I continue to waffle about the station design.  Do I want the entrance building in front of the tracks, as shown in the earlier photos, or behind, as shown here?  In front has the benefit of drawing the eye away from the backdrop. Placing it behind opens up the view of the crossover and switches, and also makes placement of the escape switch (shown below) better. I don't know the real name for these, but I've seen them in a number of photos. It appears that if a train without a “clear” (green) indication overruns the signal, rather than fouling the other line, it’s run into a dead end (usually a big pile of gravel leading to a solid concrete end-of-track bumper in photos I've seen online).

 

As an example, see the switch that diverges to the left just before the tunnel entrance:

 

Sasaguri Tunnel

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marknewton

Ken, here in Australia they're called catchpoints, or colloquially, "jacks". As you correctly surmised, they prevent an opposing movement occuring by diverting any train that passes a signal without authority away from any oncoming train.

 

Cheers,

 

Mark.

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KenS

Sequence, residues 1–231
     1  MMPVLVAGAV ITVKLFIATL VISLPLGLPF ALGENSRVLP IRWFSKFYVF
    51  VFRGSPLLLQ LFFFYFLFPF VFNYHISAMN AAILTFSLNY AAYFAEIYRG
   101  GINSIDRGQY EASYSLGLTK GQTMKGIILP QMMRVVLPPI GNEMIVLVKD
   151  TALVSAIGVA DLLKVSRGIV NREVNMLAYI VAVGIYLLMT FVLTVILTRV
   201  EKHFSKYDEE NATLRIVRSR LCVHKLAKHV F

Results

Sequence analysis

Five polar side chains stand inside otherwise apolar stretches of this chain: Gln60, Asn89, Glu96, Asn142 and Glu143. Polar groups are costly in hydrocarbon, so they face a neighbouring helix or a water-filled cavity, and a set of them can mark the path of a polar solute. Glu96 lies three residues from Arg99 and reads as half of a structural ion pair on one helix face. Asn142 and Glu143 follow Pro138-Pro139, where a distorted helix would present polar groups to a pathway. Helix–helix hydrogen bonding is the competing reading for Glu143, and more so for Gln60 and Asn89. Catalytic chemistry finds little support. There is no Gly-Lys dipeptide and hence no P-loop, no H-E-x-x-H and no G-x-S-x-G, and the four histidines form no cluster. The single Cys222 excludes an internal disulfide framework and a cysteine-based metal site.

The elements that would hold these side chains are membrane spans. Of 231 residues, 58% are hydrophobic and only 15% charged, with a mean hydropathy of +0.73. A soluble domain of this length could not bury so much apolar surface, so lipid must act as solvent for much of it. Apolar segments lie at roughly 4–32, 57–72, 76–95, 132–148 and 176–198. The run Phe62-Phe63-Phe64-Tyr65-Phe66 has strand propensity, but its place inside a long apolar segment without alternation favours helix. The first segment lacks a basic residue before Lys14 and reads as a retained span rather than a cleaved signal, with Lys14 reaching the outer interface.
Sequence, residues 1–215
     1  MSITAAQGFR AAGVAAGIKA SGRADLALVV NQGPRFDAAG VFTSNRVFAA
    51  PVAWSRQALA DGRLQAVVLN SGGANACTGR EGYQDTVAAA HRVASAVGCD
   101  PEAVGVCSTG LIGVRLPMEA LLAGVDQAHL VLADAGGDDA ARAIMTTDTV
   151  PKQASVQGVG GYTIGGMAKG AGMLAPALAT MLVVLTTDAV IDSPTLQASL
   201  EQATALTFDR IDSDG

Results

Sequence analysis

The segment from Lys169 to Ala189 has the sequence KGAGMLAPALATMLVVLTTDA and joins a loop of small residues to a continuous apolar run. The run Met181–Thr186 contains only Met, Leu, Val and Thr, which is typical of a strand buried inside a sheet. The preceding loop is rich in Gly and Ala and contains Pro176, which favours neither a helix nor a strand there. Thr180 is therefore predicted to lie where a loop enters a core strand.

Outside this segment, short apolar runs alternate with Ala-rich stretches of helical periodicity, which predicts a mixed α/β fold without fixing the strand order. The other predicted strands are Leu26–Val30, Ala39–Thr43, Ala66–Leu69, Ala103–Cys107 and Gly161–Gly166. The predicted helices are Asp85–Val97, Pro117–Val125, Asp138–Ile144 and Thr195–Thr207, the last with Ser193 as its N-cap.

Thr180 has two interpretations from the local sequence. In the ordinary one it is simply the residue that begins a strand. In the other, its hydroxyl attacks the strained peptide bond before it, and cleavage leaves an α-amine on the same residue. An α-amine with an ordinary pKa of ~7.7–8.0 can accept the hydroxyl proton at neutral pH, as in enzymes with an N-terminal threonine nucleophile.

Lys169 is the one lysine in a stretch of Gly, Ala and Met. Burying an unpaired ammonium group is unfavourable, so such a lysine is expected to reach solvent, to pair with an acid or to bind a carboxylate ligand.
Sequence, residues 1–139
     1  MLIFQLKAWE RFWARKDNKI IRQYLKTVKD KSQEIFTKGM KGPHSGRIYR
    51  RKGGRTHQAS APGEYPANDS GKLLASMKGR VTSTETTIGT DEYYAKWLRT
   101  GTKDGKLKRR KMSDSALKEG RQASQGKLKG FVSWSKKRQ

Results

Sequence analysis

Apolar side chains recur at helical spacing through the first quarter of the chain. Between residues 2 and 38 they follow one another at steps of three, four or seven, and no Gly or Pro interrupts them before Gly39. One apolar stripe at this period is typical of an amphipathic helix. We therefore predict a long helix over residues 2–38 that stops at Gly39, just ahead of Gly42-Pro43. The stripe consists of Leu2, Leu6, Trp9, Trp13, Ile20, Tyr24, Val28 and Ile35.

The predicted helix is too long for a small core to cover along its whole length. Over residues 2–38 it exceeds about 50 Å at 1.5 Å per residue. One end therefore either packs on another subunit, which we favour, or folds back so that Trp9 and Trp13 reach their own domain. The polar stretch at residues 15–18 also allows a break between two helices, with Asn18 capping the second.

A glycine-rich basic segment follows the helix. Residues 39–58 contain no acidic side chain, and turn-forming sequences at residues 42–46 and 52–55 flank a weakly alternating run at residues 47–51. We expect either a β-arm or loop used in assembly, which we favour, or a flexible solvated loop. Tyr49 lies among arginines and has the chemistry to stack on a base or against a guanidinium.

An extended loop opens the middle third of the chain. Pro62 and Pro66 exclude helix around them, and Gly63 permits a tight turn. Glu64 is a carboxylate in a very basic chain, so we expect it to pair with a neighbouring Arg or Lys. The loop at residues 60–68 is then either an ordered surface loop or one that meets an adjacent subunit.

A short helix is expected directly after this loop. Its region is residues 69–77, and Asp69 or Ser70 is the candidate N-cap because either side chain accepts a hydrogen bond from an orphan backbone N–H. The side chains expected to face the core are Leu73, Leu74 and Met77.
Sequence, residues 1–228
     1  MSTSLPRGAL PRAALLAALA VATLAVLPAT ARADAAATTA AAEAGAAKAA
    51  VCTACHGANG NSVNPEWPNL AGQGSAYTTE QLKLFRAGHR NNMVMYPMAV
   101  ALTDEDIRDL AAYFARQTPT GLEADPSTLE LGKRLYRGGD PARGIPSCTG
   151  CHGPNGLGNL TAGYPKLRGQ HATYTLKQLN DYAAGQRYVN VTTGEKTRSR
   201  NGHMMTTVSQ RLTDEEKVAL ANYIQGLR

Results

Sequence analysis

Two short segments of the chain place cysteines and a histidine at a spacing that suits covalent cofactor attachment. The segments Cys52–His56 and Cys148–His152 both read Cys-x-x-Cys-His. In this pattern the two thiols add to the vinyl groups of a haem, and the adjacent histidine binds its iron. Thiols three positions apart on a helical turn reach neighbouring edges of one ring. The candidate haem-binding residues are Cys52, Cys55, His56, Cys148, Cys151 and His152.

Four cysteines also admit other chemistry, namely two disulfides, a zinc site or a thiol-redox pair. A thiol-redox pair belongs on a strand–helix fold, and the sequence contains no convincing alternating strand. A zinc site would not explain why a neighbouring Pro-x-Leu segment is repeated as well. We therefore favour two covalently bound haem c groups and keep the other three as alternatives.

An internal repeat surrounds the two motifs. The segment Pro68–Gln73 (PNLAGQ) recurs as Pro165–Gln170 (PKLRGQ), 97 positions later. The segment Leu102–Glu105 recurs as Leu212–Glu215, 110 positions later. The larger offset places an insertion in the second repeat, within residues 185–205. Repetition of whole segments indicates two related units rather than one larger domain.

Thanks, Mark.  I've never seen anything like it here in the U.S.  It was such an obvious idea once I saw it, that I'm wondering why it isn't more common.

 

I suppose the extra switch and interlocking it with the signal are not an insignificant cost, but compared to the liability of an accident involving passengers that would seem relatively minor.

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CaptOblivious

Thanks, Mark.  I've never seen anything like it here in the U.S.  It was such an obvious idea once I saw it, that I'm wondering why it isn't more common.

 

I suppose the extra switch and interlocking it with the signal are not an insignificant cost, but compared to the liability of an accident involving passengers that would seem relatively minor.

 

 

You do see similar devices called "derails" on freight lines, especially where sidings converge with main lines. Rather than completely diverting a train moving against a signal, they just force the foremost car into the ballast, bringing it to a halt. I understand they're mostly for runaway freight cars.

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KenS